If you are looking for a fun holiday’ish book, with a lot of steamy romance, this is the book for you. The bedroom scenes could melt the ice like an ice cream cone in July.
This is a fun story with a lot of romance’y type scenes, but it also has depth hidden in the story. Ms Frost comes with her share of troubled issues that interferes with having any type of personal life. Aiden comes off as a bad boy looking to “tap” the ice queen-but there is more to his story then one would think.
Aiden is the first to see through the icy exterior that Ms Frost puts on, but not only that he sees what an amazing person she is and that she hides it from the world all to protect herself from getting hurt and being used like her mother. But in doing that she also stops herself from ever really being happy. Aiden and “Ms Frost” relationship compliments each other and their story was a sweet read.
I received a copy of this novel in exchange for an honest review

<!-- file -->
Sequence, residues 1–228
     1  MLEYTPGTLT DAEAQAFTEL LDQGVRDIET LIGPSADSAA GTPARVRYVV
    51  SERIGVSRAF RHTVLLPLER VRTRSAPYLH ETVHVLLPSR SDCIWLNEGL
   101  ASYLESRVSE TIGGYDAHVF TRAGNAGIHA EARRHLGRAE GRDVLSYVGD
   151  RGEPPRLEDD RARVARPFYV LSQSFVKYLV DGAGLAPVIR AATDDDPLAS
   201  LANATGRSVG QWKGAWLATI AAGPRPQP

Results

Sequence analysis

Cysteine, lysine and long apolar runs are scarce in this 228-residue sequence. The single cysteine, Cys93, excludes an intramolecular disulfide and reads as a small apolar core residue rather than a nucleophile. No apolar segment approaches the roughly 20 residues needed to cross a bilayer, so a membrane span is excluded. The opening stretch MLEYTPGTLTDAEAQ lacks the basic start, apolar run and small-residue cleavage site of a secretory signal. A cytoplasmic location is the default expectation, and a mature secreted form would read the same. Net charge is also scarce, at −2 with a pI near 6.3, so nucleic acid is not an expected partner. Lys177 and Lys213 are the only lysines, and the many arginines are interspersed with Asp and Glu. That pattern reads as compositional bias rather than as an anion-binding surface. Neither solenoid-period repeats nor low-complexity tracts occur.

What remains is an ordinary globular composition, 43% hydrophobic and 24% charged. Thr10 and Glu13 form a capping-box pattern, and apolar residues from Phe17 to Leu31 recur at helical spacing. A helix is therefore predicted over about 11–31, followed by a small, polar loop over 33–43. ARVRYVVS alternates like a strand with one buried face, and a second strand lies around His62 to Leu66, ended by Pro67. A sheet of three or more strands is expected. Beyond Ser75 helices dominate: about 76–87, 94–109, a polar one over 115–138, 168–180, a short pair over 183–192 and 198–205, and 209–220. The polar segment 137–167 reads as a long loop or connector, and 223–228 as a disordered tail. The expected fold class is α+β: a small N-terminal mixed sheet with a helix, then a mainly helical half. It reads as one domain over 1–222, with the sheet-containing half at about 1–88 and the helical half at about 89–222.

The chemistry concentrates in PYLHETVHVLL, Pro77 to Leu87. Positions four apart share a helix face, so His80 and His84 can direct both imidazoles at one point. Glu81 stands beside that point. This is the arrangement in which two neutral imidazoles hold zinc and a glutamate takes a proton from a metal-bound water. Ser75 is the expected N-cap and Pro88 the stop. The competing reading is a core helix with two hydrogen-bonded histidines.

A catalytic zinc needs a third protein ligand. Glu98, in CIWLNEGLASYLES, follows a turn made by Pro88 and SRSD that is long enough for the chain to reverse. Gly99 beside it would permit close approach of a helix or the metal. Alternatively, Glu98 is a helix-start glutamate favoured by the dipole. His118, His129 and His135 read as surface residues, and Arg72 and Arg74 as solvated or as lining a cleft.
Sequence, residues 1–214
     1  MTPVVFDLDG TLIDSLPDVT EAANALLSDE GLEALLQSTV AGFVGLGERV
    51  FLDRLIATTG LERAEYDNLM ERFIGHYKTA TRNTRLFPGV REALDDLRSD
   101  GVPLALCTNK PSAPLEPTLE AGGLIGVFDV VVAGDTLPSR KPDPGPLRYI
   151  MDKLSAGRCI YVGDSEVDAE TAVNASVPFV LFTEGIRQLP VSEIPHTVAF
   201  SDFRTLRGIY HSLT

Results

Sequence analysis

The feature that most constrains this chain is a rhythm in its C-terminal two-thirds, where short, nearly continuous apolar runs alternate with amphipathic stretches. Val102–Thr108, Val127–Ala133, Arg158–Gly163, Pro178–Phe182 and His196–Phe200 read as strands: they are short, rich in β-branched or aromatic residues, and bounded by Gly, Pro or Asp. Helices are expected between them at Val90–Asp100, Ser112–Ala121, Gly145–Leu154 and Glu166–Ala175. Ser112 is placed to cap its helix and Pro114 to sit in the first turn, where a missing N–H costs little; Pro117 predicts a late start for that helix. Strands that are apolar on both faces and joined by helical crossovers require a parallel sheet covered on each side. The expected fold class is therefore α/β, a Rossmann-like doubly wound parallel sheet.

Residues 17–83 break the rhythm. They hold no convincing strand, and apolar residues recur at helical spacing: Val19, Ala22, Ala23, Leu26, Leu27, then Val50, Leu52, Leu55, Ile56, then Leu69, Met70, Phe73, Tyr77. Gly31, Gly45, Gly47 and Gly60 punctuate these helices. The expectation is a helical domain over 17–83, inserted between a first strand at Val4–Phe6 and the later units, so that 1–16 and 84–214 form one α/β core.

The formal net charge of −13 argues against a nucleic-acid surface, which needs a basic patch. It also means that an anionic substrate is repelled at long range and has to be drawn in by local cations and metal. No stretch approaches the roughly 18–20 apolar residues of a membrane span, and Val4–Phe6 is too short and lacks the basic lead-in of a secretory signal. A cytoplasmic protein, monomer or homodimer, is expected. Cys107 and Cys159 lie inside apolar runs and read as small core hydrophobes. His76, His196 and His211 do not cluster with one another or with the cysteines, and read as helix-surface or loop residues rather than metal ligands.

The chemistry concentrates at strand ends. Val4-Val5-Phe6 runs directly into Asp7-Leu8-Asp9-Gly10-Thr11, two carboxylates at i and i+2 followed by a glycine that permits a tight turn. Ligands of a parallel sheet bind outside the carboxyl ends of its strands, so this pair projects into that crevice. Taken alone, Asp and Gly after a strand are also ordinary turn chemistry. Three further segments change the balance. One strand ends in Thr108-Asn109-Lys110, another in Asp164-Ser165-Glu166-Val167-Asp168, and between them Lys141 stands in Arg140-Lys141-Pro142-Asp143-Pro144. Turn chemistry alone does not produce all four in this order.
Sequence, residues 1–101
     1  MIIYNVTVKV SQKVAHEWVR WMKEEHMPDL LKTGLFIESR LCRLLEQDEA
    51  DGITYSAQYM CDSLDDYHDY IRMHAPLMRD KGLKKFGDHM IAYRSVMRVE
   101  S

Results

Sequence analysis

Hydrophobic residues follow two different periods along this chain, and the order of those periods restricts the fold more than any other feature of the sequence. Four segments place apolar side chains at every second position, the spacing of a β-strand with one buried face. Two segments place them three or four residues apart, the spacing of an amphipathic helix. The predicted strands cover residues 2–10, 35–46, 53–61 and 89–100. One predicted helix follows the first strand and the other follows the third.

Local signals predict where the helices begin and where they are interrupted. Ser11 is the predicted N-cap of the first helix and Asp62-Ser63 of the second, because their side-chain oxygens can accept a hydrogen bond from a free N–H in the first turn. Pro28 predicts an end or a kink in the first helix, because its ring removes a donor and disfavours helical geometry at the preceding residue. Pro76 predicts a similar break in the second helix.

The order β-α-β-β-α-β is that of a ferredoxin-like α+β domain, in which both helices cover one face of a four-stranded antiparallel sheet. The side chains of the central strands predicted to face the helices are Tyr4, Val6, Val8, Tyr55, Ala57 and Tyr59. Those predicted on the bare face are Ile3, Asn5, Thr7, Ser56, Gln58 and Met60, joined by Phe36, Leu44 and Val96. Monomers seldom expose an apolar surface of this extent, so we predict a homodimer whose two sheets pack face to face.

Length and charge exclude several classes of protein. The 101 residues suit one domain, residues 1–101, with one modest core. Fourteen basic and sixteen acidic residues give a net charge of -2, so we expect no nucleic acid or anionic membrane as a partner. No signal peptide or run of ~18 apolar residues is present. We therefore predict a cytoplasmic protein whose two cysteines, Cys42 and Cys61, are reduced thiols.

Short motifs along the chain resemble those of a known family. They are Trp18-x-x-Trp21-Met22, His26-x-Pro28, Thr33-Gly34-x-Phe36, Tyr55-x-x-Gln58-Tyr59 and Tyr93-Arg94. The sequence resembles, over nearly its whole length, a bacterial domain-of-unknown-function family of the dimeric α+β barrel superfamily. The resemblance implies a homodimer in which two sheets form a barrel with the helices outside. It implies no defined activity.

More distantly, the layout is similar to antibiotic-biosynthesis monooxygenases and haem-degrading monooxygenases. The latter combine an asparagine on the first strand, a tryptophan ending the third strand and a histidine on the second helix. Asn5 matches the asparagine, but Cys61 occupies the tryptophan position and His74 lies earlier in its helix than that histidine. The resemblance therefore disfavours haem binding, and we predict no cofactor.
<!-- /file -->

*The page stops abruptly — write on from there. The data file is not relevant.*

During the man-made apocalypse in the 21st century, a group of elites killed off a majority of the population. Only two groups of survivors remained––those selected to reside inside the Los Angeles City Center and the rebels, relegated to live on the Outside.
Centuries later, Ava Rhodes is one of five potential successors competing to become the next Queen of the City Center. A week prior to the final competitions she encounters Joseph, a rebel from the Outside, and discovers her utopian home is actually a prison and breeding facility aimed at designing the perfect human. She escapes with Joseph to the Outside world, sending the City Center’s leader, Chief Morray, into an obsessive pursuit for his property.
Along the journey, Ava falls in love with Joseph and discovers an even darker secret about the fate of her people. She must decide whether to stay with Joseph, or save her people from destruction.